Section 8: Exceptions to restrictions under section 274 of 1995 Act
27.Section 8(1) substitutes a new section 275 for that currently contained in the 1995 Act.
28.Subsection (1) of the new section 275 allows the court, on application made to it, to admit evidence or allow questioning falling within the general prohibition if it passes the tests set out in paragraphs (a) to (c).
29.The effect of subsection (2)(b) of the new section is to require the court, in considering the criterion of the proper administration of justice (section 275(1)(c)), to take account of the need to protect the privacy and dignity of the complainer and to prevent any jury from becoming potentially side-tracked from consideration of the key issues at trial.
30.Subsections (3) and (4) of the new section deal with procedural aspects of making an application under section 275. Subsection (3) requires applications to be in writing and to contain the information specified in paragraphs (a) to (f). Subsection (4) requires a copy of the application to be sent to every other party to the case (so in a case with several co-accused, a defence application would require to be copied to each other co-accused and the prosecutor).
31.Subsection (5) of the new section simply provides, for the avoidance of doubt, that the court may determine admissibility of any evidence or questioning using any method open to it at common law. The court may, if it wishes, hear some or all of the evidence in question before reaching a decision on admissibility.
32.Subsections (6) and (7) of the new section state that the court’s decision on admissibility shall set out its reasons, and in particular shall address the matters specified in paragraphs (a) to (c) of subsection (7). The decision of the court (for example, to admit certain evidence) may be made subject to conditions. These may include compliance with any directions issued by the court. Subsection (8) provides that such conditions may include limitations on the use which can be made of evidence to support particular inferences. Subsection (9) confers on the court an additional power to limit questioning or evidence as the trial proceeds, notwithstanding the content of a decision on admissibility under section 275, or any condition attached to it.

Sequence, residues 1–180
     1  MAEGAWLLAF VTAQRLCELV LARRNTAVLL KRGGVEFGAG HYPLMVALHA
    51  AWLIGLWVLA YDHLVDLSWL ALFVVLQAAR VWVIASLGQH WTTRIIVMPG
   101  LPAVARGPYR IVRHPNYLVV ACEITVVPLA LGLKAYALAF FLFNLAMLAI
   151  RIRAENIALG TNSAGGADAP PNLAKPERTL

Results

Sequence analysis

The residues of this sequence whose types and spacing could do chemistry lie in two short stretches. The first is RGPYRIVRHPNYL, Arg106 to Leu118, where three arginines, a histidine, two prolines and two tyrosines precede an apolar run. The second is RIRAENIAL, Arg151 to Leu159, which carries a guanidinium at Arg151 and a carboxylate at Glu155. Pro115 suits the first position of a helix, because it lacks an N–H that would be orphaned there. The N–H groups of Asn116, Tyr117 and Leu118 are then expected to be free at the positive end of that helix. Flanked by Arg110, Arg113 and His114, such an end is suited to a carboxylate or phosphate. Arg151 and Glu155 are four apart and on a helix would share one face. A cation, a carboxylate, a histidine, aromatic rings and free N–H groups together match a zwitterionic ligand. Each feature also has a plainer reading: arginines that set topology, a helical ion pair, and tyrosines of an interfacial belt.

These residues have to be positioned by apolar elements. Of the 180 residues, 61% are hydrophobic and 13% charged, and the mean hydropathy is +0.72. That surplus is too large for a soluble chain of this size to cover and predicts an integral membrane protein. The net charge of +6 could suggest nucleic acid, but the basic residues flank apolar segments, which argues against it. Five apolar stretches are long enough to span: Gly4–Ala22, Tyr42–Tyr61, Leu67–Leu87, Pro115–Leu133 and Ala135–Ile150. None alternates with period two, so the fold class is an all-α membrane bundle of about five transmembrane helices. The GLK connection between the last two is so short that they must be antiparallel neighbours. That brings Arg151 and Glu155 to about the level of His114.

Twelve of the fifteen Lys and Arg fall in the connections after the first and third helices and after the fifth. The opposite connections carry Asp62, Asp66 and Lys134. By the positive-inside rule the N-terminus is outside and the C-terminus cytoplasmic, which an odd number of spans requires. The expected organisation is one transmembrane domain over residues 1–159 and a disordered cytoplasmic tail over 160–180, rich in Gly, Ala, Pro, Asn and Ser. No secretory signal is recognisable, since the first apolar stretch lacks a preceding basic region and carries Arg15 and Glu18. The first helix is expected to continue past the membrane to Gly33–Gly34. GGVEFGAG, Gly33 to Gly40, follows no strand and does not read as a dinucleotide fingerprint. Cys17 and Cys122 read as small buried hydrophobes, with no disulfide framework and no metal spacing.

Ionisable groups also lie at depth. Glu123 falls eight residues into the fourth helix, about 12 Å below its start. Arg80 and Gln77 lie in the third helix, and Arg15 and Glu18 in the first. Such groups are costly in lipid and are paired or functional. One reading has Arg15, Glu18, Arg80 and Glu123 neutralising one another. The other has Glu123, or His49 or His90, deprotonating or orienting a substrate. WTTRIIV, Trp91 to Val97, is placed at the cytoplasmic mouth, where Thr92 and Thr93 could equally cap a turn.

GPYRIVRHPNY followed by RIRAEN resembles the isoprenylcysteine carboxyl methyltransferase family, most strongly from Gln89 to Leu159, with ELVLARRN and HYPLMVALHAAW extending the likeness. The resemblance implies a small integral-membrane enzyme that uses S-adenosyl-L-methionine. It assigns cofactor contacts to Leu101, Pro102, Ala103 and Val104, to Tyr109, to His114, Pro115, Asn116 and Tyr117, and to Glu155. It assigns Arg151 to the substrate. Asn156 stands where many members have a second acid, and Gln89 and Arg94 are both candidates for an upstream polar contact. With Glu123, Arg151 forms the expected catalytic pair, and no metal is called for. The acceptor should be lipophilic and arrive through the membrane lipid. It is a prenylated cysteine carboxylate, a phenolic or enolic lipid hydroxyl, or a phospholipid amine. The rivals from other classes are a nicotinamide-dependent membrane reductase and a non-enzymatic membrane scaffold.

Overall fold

33.Subsections (2), (3), (4) and (5) of section 8 allow existing pre-trial hearings to be used to consider any application to introduce character or sexual history evidence under new section 275. These hearings are known as first diets in sheriff and jury cases, preliminary diets in High Court cases and intermediate diets in non-jury cases. At present, a preliminary diet can only be fixed by the court on the application of the prosecution or defence. Section 8(3) will permit the court to fix a preliminary diet of its own accord to deal with a character or sexual history evidence application.
34.Section 8(6) amends section 157 of the 1995 Act, which deals with the content of the official record of proceedings in a non-jury trial. At present, any objection to the competency or relevancy of evidence need only be entered in the record if either party desires it. Apart from this, nothing needs to be recorded except the complaint (or a copy of it), the accused’s plea (guilty or not guilty), any documentary evidence produced and the conviction and sentence or other finding of the court.
35.Section 8(6) will require the record of proceedings to include any application under section 275, the court’s decision on it, the reasons for the decision and any conditions imposed and directions issued under the new section 275(6). This will be done whether or not a party requests these matters to be recorded.